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Publication numberUS6262793 B1
Publication typeGrant
Application numberUS 08/360,515
Publication dateJul 17, 2001
Filing dateDec 21, 1994
Priority dateDec 22, 1993
Fee statusPaid
Also published asDE69424138D1, DE69424138T2, EP0660169A1, EP0660169B1, US6958803, US20020054282, US20040046950
Publication number08360515, 360515, US 6262793 B1, US 6262793B1, US-B1-6262793, US6262793 B1, US6262793B1
InventorsToshihiro Sasaya, Kazumasa Endo, Kazuo Ushida
Original AssigneeNikon Corporation
Export CitationBiBTeX, EndNote, RefMan
External Links: USPTO, USPTO Assignment, Espacenet
Method of manufacturing and using correction member to correct aberration in projection exposure apparatus
US 6262793 B1
Abstract
A method of manufacturing an exposure apparatus includes a step of providing a projection optical system that projects a pattern image formed on a mask onto a photosensitive substrate. Additionally, a surface of a correction member having a predetermined thickness is locally tooled or processed in order to correct random aberration that remains in the projection optical system. The tooled correction member is arranged between the mask and the substrate, irrespective of the mask. Furthermore, when the projection optical system is provided, an aberration caused due to the predetermined thickness of the correction member is taken into account in advance.
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Claims(31)
What is claimed is:
1. A method of manufacturing an exposure apparatus comprising the steps of:
providing a projection optical system projecting a pattern image formed on a mask onto a photosensitive substrate;
locally processing a surface of a correction member having a predetermined thickness, in order to correct random aberration remaining of said projection optical system; and
arranging said processed correction member between said mask and said substrate, irrespective of said mask;
said providing step comprising the step of pre-taking an aberration caused corresponding to said predetermined thickness into account.
2. A method according to claim 1, wherein said pre-taking step comprises the step of correcting the aberration caused according to the thickness of said correction member.
3. A method according to claim 1, wherein said processed correction member corrects at least one of a magnification error component and a distortion component.
4. A method according to claim 1, wherein said aberration caused corresponding to said predetermined thickness of said correction member comprises a spherical aberration.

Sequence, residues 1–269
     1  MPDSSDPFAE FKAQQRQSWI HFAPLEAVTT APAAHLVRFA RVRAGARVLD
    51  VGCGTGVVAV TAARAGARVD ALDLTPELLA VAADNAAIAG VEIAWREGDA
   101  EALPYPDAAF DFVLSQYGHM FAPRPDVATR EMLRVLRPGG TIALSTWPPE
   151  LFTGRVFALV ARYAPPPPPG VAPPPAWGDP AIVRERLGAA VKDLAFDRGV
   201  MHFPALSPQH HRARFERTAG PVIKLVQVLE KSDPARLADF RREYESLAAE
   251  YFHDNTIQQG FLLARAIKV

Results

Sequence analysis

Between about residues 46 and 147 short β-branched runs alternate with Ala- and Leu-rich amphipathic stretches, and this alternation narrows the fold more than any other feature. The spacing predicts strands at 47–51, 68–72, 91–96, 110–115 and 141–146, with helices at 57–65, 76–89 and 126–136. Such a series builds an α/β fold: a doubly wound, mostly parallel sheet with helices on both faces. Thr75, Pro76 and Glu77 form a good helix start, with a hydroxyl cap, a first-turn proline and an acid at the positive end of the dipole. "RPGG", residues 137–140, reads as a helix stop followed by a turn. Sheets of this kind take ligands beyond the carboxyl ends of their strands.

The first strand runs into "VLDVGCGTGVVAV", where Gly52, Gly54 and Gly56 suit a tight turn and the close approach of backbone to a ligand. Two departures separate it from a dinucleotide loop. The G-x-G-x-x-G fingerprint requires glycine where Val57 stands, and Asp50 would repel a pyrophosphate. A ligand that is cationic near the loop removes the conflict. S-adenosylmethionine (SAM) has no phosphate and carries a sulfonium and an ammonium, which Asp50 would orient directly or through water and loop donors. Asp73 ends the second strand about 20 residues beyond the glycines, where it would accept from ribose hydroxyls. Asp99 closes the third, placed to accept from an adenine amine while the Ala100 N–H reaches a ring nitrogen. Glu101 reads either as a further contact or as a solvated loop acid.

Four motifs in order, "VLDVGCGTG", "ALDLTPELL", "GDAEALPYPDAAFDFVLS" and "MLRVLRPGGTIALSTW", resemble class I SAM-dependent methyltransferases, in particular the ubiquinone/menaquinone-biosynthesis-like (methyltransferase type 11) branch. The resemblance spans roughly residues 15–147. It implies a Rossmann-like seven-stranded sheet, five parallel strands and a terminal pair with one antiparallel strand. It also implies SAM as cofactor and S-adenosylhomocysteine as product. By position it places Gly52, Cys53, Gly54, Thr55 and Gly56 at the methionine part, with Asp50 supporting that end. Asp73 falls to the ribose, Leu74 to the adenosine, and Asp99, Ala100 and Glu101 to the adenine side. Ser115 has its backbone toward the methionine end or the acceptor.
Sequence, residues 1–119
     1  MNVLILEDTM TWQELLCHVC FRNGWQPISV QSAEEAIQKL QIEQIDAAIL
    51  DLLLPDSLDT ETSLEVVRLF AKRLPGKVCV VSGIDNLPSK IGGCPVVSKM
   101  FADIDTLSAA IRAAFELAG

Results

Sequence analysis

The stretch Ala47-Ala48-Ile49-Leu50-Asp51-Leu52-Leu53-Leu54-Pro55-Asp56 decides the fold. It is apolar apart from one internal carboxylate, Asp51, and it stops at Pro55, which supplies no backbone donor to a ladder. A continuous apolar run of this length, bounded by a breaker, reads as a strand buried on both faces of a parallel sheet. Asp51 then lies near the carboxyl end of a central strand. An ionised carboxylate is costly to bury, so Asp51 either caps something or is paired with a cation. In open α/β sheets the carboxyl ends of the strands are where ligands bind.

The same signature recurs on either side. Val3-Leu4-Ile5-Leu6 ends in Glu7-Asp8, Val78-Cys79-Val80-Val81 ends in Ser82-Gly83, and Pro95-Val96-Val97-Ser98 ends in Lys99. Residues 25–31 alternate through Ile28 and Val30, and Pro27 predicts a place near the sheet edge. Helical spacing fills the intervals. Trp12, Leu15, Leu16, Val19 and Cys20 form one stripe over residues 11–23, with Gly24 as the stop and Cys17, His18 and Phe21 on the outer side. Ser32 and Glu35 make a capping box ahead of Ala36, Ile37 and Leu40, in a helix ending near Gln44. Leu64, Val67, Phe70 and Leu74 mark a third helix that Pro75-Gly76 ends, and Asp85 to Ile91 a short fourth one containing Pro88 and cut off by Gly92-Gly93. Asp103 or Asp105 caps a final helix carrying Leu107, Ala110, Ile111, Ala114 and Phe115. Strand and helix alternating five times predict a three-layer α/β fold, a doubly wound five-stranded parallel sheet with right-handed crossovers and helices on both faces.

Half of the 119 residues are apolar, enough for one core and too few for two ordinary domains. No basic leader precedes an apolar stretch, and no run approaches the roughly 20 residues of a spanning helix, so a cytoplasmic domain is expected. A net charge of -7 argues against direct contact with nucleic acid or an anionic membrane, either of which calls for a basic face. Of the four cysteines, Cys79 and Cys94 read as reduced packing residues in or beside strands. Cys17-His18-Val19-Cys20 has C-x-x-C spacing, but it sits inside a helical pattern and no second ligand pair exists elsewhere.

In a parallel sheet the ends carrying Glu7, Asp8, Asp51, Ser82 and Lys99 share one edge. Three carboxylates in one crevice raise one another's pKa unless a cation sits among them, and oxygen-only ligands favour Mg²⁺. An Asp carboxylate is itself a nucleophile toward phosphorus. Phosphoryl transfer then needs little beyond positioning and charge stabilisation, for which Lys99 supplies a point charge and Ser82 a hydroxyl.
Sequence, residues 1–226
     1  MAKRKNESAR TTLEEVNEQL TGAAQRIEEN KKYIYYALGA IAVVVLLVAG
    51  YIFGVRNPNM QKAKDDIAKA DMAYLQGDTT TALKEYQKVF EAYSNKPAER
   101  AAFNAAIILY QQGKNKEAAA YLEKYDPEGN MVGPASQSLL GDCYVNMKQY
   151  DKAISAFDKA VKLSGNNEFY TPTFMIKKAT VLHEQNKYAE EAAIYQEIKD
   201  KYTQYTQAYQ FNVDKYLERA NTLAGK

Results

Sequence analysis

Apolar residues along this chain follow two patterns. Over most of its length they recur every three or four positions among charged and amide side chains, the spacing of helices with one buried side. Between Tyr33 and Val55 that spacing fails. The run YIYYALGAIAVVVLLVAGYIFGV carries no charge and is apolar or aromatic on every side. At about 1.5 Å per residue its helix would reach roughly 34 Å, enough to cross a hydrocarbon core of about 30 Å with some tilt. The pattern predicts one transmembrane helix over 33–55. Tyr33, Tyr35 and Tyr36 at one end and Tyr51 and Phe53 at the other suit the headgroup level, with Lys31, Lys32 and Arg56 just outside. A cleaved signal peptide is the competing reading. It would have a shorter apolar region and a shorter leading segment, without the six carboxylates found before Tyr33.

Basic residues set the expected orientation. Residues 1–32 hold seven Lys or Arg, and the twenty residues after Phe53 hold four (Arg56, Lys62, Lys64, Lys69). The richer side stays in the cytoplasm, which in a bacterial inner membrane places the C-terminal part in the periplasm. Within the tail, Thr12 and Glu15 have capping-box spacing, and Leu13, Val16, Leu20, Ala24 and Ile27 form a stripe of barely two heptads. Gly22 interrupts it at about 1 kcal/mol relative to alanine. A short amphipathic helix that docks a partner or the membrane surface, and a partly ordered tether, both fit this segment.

5. An exposure method using an optical projection apparatus, said method comprising the steps of:
providing a projection optical system projecting a pattern image formed on a mask onto a photosensitive substrate;
locally processing a surface of a correction member having a predetermined thickness, in order to correct random aberration remaining of said projection optical system;
arranging said processed correction member between said mask and said substrate irrespective of said mask; and
projecting said mask pattern onto said photosensitive substrate through said projection optical system;
said providing step comprising the step of pre-taking an aberration caused corresponding to said predetermined thickness into account.
6. A method according to claim 5, wherein said pre-taking step comprises the step of correcting the aberration caused according to the thickness of said correction member.
7. A method according to claim 5, wherein said processed correction member corrects at least one of a magnification error component and a distortion component.
8. A method according to claim 5, wherein said aberration caused corresponding to said predetermined thickness of said correction member comprises a spherical aberration.
9. A method of manufacturing a correction member used for improvement of imaging characteristics with respect to a projection optical system of an exposure apparatus so as to project an image of a mask onto a photosensitive substrate, said method comprising the steps of:
providing an unprocessed correction member irrespective of said mask; and
processing a surface of said correction member in order to correct aberration remaining of said projection optical system,